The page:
Anecdotal evidence indicates that private rehabilitation processes are obscured, private facilities may fail to appreciate the services required and new clients remain ignorant of likely progress and costings, while staff and family struggle to set realistic goals and/or meet discharge needs.
The understanding of patient perspectives remains limited [16]. Anecdotal evidence shows that patients with hip fractures often expect a similar recovery experience to patients with hip replacements and are disappointed when theirs is longer and less restorative. Private patients’ chosen lengths of stay may reflect desirable treatment times; possibly, NHS rehabilitation is too short for full treatment benefit, causing greater long-term healthcare use [18].
The present study examined factors affecting the length of stay (LoS) and discharge destination (DD) of patients with hip fractures in a private rehabilitation setting. The purpose was to increase the evidence base of their treatment and facilitate discharge planning and discuss the possible impact of private rehabilitation data on NHS figures. LoS is a common outcome measure within healthcare research. For the UK Department of Health, it represents local health service efficiency [1,22], with definable conditions, such as hip fractures, used as LoS markers for inter-hospital comparisons [1]. Recent awareness that reducing LoS is not always better for quality of care and long-term cost effectiveness [23] has deprioritised it in national policies but, within rehabilitation, optimal LoS remains a primary focus. This study used a single site to test the suitability of the independent variables, measurement options and data collection methods, whilst reducing the effect of extraneous variables related to individual facility characteristics, such as care culture [24].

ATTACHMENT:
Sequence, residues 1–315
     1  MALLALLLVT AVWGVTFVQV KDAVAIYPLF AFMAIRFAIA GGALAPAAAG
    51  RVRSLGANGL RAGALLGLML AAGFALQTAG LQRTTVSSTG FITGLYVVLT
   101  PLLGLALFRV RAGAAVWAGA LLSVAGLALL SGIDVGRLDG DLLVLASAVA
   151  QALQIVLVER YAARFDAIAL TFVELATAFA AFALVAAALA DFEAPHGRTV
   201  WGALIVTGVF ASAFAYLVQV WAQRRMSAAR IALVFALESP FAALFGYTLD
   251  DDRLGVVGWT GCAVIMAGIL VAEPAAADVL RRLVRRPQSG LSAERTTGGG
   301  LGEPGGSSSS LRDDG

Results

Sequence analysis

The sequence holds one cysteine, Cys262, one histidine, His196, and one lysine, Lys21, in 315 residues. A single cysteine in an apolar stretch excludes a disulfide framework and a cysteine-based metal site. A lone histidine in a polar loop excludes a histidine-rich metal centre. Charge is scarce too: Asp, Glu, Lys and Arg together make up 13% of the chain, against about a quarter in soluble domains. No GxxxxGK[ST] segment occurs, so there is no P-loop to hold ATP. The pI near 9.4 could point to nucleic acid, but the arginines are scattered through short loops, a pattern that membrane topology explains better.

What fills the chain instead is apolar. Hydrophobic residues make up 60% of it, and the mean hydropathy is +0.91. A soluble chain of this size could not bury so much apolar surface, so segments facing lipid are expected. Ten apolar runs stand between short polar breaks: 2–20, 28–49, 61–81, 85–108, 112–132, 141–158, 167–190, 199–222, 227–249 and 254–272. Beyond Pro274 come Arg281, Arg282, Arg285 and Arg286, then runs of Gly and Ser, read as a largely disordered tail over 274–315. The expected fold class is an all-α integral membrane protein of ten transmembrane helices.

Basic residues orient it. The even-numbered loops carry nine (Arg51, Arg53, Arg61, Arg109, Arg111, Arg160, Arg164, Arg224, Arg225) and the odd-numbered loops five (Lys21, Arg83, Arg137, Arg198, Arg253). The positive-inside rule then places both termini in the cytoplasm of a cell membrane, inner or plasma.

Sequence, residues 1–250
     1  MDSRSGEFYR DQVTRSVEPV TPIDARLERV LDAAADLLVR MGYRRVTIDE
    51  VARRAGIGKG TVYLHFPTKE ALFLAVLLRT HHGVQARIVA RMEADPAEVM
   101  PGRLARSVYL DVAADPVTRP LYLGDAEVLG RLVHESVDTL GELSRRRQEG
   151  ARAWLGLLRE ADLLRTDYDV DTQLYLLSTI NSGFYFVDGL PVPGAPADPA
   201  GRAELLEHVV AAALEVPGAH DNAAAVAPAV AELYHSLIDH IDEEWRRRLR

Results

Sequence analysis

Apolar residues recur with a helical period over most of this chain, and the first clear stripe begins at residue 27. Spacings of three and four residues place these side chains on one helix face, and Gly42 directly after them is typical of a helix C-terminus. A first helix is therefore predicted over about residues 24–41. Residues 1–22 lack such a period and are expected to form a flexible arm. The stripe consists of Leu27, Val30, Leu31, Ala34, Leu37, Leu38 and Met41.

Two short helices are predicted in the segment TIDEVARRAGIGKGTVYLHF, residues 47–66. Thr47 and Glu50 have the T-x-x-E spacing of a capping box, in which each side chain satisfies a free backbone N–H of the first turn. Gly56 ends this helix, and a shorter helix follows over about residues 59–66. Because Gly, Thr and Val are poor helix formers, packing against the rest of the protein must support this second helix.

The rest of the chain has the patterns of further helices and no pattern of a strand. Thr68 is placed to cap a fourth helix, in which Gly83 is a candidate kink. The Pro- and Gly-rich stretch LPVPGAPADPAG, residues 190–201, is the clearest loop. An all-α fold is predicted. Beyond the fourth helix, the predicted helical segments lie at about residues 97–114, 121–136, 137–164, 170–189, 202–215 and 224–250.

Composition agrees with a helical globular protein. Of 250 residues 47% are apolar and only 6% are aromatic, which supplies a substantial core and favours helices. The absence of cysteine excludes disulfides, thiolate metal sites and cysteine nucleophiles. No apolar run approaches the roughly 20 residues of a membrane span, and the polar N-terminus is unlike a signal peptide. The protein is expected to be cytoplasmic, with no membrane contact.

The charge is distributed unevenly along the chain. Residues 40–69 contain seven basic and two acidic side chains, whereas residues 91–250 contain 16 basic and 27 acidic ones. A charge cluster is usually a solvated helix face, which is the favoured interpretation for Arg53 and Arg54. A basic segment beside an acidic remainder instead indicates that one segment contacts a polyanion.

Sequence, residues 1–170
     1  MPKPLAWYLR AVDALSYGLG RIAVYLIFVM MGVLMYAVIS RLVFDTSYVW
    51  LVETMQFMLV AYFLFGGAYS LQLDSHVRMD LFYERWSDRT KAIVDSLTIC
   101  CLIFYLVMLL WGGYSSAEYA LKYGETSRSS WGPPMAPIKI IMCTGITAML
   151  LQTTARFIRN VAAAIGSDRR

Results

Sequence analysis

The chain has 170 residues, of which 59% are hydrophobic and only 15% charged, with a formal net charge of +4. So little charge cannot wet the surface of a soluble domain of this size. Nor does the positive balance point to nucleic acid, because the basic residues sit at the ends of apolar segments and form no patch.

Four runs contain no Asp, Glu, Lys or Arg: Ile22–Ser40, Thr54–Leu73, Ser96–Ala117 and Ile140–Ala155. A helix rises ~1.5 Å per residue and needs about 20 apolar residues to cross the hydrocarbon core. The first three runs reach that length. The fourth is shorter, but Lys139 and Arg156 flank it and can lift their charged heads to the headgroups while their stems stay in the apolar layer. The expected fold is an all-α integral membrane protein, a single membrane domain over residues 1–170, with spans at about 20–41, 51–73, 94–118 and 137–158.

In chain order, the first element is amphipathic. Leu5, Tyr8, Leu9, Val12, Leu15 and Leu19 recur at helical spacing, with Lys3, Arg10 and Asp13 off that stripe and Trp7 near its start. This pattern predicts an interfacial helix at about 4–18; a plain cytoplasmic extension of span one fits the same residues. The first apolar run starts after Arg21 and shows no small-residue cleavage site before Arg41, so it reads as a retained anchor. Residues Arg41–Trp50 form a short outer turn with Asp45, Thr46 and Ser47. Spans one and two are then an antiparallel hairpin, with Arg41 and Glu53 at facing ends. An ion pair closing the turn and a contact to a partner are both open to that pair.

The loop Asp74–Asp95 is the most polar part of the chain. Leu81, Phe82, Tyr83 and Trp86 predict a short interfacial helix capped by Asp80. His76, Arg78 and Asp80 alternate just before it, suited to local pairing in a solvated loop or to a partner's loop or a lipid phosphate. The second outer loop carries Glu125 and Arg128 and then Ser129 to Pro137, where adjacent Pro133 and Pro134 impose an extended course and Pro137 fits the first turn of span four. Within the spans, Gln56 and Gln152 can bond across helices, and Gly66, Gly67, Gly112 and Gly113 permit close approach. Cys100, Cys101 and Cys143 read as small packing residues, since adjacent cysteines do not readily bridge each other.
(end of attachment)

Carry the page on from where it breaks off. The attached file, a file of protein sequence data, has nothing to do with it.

2. Methods

This was a correlational study incorporating archival data, collected retrospectively from the medical, nursing and physiotherapy records of 56 patients with hip fracture. The study setting was a private elderly care facility (Hospital X) in Oxford, UK. At the time, it had 40 single bedrooms, with approximately 12 for short-stay residents receiving respite, rehabilitation or palliative care. Unusually for a care setting, it had an in-house physiotherapy department.

2.1. Study Sample

The records of patients with hip fracture admitted between January 2012 and March 2019 were identified using the physiotherapy department’s admissions files. Data were collected from 56 patient records; all records of patients with hip fractures from this period were eligible.
Ethical approval was obtained from the University of Southampton. Access to the records was granted by the Hospital’s Data Officer.

2.2. Variables

Study Outcomes

Length of stay (LoS) was measured in calendar days. The LoS of long-stay patients was set at 120 days to reflect recommended follow-up time by NHS Trusts, believing this to be the usual recovery time and the point at which most patients may have moved on to their long-term place of residence [15]. Patients who died within this time, whilst resident, were recorded as long-term care, but with LoS equal to residency.
Discharge destination (DD) was categorised as either home or long-term care.

2.3. Independent Variables

To address the study objectives, data on 12 demographic, medical and physical variables were collected from each set of records. These variables were from a selection thought to be potentially influential to LoS and/or DD, informed by a literature review and a patient and public involvement (PPI) group discussion. Quantity was thought to be more relevant than focusing on a few key variables. Variables were selected on the basis of data availability and attempts were made to represent each of the 4 variable types thought to be important for LoS prediction tools [22]. The following data were recorded: age, gender, number of chronic comorbidities, delirium, type of fracture treatment, days between fracture and surgery (latency), days between fracture and admission to hospital (acute LoS), a Functional Independence Measure pre-fracture (FIMpre-fracture) and on admission (FIMadmission), home support, stairs at home and number of physiotherapy sessions per week. The Functional Independence Measure (FIM) is a physical ability measure, found to be valid and reliable in many conditions and settings, including patients with hip fracture in inpatient rehabilitation [25,26,27]. In the present study, only the motor component was used, as cognitive data were unavailable.